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Dry flue gas desulfurization by-product application effects on plant uptake and soil storage changes in a managed grassland

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Environmental regulations mandate that sulfur dioxide (SO2) be removed from the flue gases of coal-fired power plants, which results in the generation of flue gas desulfurization (FGD) by-products. These FGD by-products may be a viable soil amendment, but the large amounts of trace elements contained in FGD by-products are potentially concerning. The objective of this study was to evaluate the effects of land application of a high-Ca dry FGD (DFGD) by-product on trace elements in aboveground biomass and soil. A high-Ca DFGD by-product was applied once at a rate of 9 Mg ha−1 on May 18, 2015 to small plots with mixed-grass vegetation. Soil and biomass were sampled prior to application and several times thereafter. Aboveground dry matter and tissue As, Co, Cr, Hg, Se, U, and V concentrations increased (P < 0.05) following application, but did not differ (P > 0.05) from pre-application levels or the unamended control within 3 to 6 months of application. Soil pH in the amended treatment 6 months after application was greater (P < 0.05) than in the unamended control. Soil Ca, S, and Na contents also increased (P < 0.05), following by-product application compared to the unamended control. High-Ca DFGD by-products appear to be useful as a soil amendment, but cause at least a temporary increase in tissue concentrations of trace elements, which may be problematic for animal grazing situations.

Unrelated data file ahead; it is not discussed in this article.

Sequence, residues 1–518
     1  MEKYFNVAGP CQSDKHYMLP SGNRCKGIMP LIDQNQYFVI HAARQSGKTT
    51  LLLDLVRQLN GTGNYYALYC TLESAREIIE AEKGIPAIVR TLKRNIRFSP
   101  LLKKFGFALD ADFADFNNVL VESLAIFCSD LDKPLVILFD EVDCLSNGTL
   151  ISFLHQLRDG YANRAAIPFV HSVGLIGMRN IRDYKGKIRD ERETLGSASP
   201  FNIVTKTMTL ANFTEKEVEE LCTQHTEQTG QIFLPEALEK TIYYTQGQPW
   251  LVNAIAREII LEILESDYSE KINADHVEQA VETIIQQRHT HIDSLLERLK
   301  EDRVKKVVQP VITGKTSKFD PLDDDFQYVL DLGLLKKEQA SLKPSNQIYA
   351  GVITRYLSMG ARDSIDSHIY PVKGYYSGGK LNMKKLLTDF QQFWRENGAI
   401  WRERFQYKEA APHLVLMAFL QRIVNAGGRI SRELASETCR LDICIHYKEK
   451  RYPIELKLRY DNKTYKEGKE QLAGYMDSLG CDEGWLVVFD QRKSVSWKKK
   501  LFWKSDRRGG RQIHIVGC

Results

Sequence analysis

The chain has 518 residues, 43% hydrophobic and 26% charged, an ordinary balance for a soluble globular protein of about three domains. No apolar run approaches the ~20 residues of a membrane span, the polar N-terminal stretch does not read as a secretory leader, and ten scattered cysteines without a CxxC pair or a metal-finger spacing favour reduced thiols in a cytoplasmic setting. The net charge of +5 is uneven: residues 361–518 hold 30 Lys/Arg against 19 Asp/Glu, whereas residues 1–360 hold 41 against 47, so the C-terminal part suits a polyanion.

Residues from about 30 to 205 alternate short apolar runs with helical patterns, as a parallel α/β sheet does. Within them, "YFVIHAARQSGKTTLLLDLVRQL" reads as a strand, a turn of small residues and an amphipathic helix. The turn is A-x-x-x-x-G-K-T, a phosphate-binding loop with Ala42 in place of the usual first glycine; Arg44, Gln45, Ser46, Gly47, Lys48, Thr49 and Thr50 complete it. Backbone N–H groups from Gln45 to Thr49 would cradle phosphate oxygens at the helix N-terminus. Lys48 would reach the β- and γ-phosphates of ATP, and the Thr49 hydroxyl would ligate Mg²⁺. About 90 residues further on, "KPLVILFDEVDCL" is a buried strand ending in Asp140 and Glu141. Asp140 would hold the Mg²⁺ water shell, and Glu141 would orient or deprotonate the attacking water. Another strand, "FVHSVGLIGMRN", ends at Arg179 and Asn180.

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This study was funded by a grant from the Arkansas Water Resources Center. Additional information provided by Mark Cantrell, from southwestern Electric Power Company (SWEPCO), was invaluable. Field and laboratory assistance provided by Martin Striefler Jr., Benjamin Chapin, and Casey Rector is greatly appreciated.

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Correspondence to Jason R. Burgess-Conforti.

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Responsible editor: Philippe Garrigues

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Burgess-Conforti, J.R., Brye, K.R., Miller, D.M. et al. Dry flue gas desulfurization by-product application effects on plant uptake and soil storage changes in a managed grassland. Environ Sci Pollut Res 25, 3386–3396 (2018). https://doi.org/10.1007/s11356-017-0626-6

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  • Coal combustion by-product
  • Desulfurization by-product
  • Plant uptake
  • Trace elements